Pilot program eliminates giving D's

January 18, 1995|By Anne Haddad | Anne Haddad,Sun Staff Writer

The notion of a D has a built-in contradiction for some Carroll County teachers.

Students still passed with a D. But by definition, it means below average, substandard.

So 10 teachers at North Carroll High School volunteered to dump the letter grade. If students don't earn at least a C, they won't get credit for those classes.

"I think it's good because that will help kids try their hardest, and usually some kids just slack off if they think they can pass," said Stephanie Spangler, a freshman whose English class is among the no-D courses.

"Actually, I've got a B," Stephanie said. When asked if the policy would affect A and B students such as herself, she said, "In middle school, I was a C-D student."

It is a pilot project for this year at North Carroll only, but merges with the outcomes-based education philosophy Carroll County schools have adopted over the past few years. The philosophy is that all students can learn, though some learn faster than others and in different styles, and that schools should set specific, high standards and see that students master them by the end of a course.

Science teacher Marti Tomko chairs the School Improvement Team at North Carroll, which developed the idea for the pilot last summer. The team includes teachers, administrators and parents.

Ms. Tomko and nine other teachers volunteered to try the concept in their classes.

"The kids are really achieving something, not getting credit for just showing up," Ms. Tomko said.

"We spend so much time on self-esteem and making kids feel good," she said. "But if we do that under false pretenses, they know. They know whether they really deserve credit to pass a course. And kids are very smart. They know how to do just enough work to get that D."

For her, the concept means more work, but she said she believes in it.

"If we turn around and say to students, 'If you do 60 percent, you're doing all right,' we're doing them a serious disservice," Ms. Tomko said.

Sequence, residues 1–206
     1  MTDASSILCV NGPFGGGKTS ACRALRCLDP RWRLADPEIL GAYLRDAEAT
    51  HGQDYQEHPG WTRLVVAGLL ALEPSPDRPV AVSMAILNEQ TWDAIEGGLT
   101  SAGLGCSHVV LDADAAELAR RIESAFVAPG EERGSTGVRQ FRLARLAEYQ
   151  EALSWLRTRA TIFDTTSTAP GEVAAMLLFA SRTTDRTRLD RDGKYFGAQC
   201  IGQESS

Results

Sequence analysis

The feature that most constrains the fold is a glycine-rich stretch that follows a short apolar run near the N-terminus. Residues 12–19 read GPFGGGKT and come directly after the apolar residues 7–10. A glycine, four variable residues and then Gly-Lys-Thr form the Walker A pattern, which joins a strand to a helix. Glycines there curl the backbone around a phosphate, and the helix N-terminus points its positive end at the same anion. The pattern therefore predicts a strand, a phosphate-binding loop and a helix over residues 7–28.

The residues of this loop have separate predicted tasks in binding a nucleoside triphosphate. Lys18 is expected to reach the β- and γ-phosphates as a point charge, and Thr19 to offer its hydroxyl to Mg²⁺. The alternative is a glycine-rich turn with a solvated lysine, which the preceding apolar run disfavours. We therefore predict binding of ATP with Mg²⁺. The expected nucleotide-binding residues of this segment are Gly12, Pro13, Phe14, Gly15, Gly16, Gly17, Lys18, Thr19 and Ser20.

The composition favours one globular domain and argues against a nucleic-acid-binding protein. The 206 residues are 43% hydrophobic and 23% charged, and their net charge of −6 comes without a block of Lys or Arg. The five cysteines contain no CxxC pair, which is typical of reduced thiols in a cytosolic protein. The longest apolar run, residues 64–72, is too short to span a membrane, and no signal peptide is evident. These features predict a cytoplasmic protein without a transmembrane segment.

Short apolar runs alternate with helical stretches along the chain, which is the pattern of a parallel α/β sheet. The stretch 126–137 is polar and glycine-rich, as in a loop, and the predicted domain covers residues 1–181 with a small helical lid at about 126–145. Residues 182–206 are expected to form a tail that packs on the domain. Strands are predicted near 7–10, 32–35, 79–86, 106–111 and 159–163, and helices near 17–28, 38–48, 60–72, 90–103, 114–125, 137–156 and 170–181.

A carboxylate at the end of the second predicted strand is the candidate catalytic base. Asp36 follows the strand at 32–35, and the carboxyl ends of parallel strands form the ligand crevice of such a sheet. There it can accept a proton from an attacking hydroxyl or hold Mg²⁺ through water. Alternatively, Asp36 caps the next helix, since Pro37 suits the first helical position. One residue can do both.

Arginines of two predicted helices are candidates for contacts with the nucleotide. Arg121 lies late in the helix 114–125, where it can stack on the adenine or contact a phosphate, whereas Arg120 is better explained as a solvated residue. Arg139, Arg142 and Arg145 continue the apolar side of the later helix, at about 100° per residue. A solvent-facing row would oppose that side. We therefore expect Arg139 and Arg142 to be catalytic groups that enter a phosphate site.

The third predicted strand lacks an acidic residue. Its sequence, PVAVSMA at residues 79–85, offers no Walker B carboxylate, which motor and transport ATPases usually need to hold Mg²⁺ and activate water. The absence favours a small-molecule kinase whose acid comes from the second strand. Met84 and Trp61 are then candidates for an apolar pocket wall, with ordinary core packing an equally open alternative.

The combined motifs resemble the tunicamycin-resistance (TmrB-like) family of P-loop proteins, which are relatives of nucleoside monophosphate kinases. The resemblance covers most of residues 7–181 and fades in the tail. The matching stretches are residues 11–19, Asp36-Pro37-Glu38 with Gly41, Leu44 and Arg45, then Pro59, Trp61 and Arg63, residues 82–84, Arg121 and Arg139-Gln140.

Earning D's does nothing to prepare them for the job market or global competition, she said.

When students score below 70 percent on a test or assignment, Ms. Tomko asks them to redo the parts that need work. If it's a test, she'll give them a chance to review the work and retest them orally on the questions they missed.

"It's a lot of one-on-one work," she said. "If we weren't in the four-mod day, I don't think I could do this."

The "four-mod day" is another concept North Carroll pioneered for the county. The school has four 90-minute periods a day, instead of the traditional seven 45-minute periods. Classes last for one semester instead of one year.

When they made the change two years ago, teachers in the school who supported it said it would allow them more flexibility and time for hands-on learning. It also means that each semester, teachers have half the number of students to keep track of, and students have half the number of subjects to concentrate on.

"I'm able to put in the time, so that kids who might have gotten through with a D" can work with her and learn the material better to improve their grade, she said.

Ms. Tomko said giving students more than one chance to earn a score is crucial to this concept. They don't have to get everything right the first time, she said.

But they have to be willing to try again.

Gregory Eckles, director of curriculum and former North Carroll principal, said the purpose of the pilot is not to fail more students, but to raise standards.

The hope is that the number of F's doesn't increase, but that students who otherwise would have gotten a D will try harder, he said.

Ms. Tomko said no teacher likes to fail students, and will do the extra work to help any student earn a C or better.

"The student is ultimately responsible for the learning," Ms. Tomko said. "If they make no effort to take advantage of the opportunity to redo or get help, I can't physically pull them in."

Although this is the first formal pilot, some teachers already raise standards on their own.

Senior Michele Mapstone said that last year, in her chemistry class, teacher Virginia Fair required students to meet higher standards than the minimum 60 percent.

"For me to pass the class, I had to get an 88 [percent on an exam]," Michele said. "I did learn a lot."

The entries in the journals of Ms. Tomko's students reiterate a common theme: they don't like this new system, most of them say, but often in the same sentence they concede they are learning more and working harder.

To make the point that D's aren't acceptable in the real world, Ms. Tomko said she tries to make her courses relevant to that world.

In the classroom, the students were a little restless as Ms. Tomko handed out papers about nuclear power plants, and prepared them for a video on the topic.

The hand-out was a copy of the pros and cons of nuclear power, prepared by the League of Women Voters to educate consumers and voters on the topic.

"In your lifetime," she told them, "you're going to have to make decisions like this."

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